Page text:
This Indian writer weaves values into stories, and has had her books presented to Michelle Obama

Interview by Pankhuri Kumar and Akanksha Sharma

We are in conversation with Benita Sen, prolific author, editor and journalist.  Benita weaves beautiful values into the stories that she writes. An ardent animal lover and a supported of environmental conservation and sustainability, Benita’s books have also been presented to Michelle Obama. Join us in discovering what makes this lovely author tick, in our interview with Benita below.


Benita Sen: The Indian author who weaves values into her stories

Do tell us something about yourself and how you entered the world of writing. 

That’s tough!

I am a features journalist and a children’s author. To cut a long story short, I grew up in Kolkata and then married an Armyman. Since family is important to me, we moved together, wherever possible. That meant moving on from some exciting jobs with outlets like The Economic Times and Femina.

I would not be me if I could not do several things in a day, so I enjoy editing a B2B magazine just as much as I like completing a series of eight value education books for school students.

I need to be in touch with plants and other animals like birds and the first thing I do every day is to set out food and clean water for them.

I enjoy making things, which gets translated into books of handicrafts. Recently, I took art lessons and enjoyed them.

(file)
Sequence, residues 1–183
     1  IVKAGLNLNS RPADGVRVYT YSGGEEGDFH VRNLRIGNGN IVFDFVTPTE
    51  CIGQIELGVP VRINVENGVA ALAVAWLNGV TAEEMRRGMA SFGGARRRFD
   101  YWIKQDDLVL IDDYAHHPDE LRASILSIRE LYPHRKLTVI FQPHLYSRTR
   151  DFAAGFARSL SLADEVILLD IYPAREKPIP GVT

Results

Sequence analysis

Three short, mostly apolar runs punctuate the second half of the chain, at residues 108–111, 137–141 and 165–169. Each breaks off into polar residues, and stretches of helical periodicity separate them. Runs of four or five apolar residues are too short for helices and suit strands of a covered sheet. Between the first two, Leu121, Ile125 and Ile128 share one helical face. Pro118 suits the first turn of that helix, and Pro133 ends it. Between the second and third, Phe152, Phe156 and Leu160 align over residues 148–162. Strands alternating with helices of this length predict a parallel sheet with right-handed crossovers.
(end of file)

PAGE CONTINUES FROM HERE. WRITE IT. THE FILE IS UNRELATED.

One of my inspirations is the thought that you need to thank life for giving you another day to become a better person.

Benita Sen, talking to schoolchildren

Speaking of life and inspiration, are any of your books based on your childhood experiences?

When I write, something of my life invariably slips into my writing. I am working on a collection of stories from the Kolkata of my childhood. Those were charming times, and there is much to cherish from then. I hope to find a publisher who can relate to that.

Some day, when I find a publisher, I would like to write about all the animals, feathered and furred, that have come in and out of my life. My parents and I have rescued and raised all sorts of creatures from a crow to a bulbul. Three of our four dogs have been adopted, and each one merits a chapter at least. Although our tiny, simple home is tucked in at the back of my grandparents’ house and the approach is a very narrow gully, all kinds of birds and animals, including those in trouble and in need of a place to recover, keep coming in. I even had a calf for a friend.

Benita Sen, among nature

You have written stories on a wide variety of topics for children. You have also spoken at a lot of different schools and venues. Which has been the most interesting venue with the most enthusiastic crowd?

Children and young people bring out the best in me. I love their energy and enthusiasm, their bright faces. Almost all the sessions have been amazing, so it won’t be easy to select one. One of the most memorable was in a village far from Kalimpong where the children, I was told by the organiser, did not speak much Hindi. My Nepali, in spite of my efforts, is really alikati (little). I was wondering how we would communicate especially since I was going to teach them about the environment. But we broke the ice with references to Shah Rukh Khan films and there was no looking back. I guess I need to thank SRK for that.

Recently, I faced the most amazing, lively audience in DPS Megacity, Kolkata. We were discussing my book on how the people of the Indus Valley Civilisation were environmentally more ‘green’ than we are. The students rocked the auditorium.

Do you give a lot of importance to the reviews that your books receive?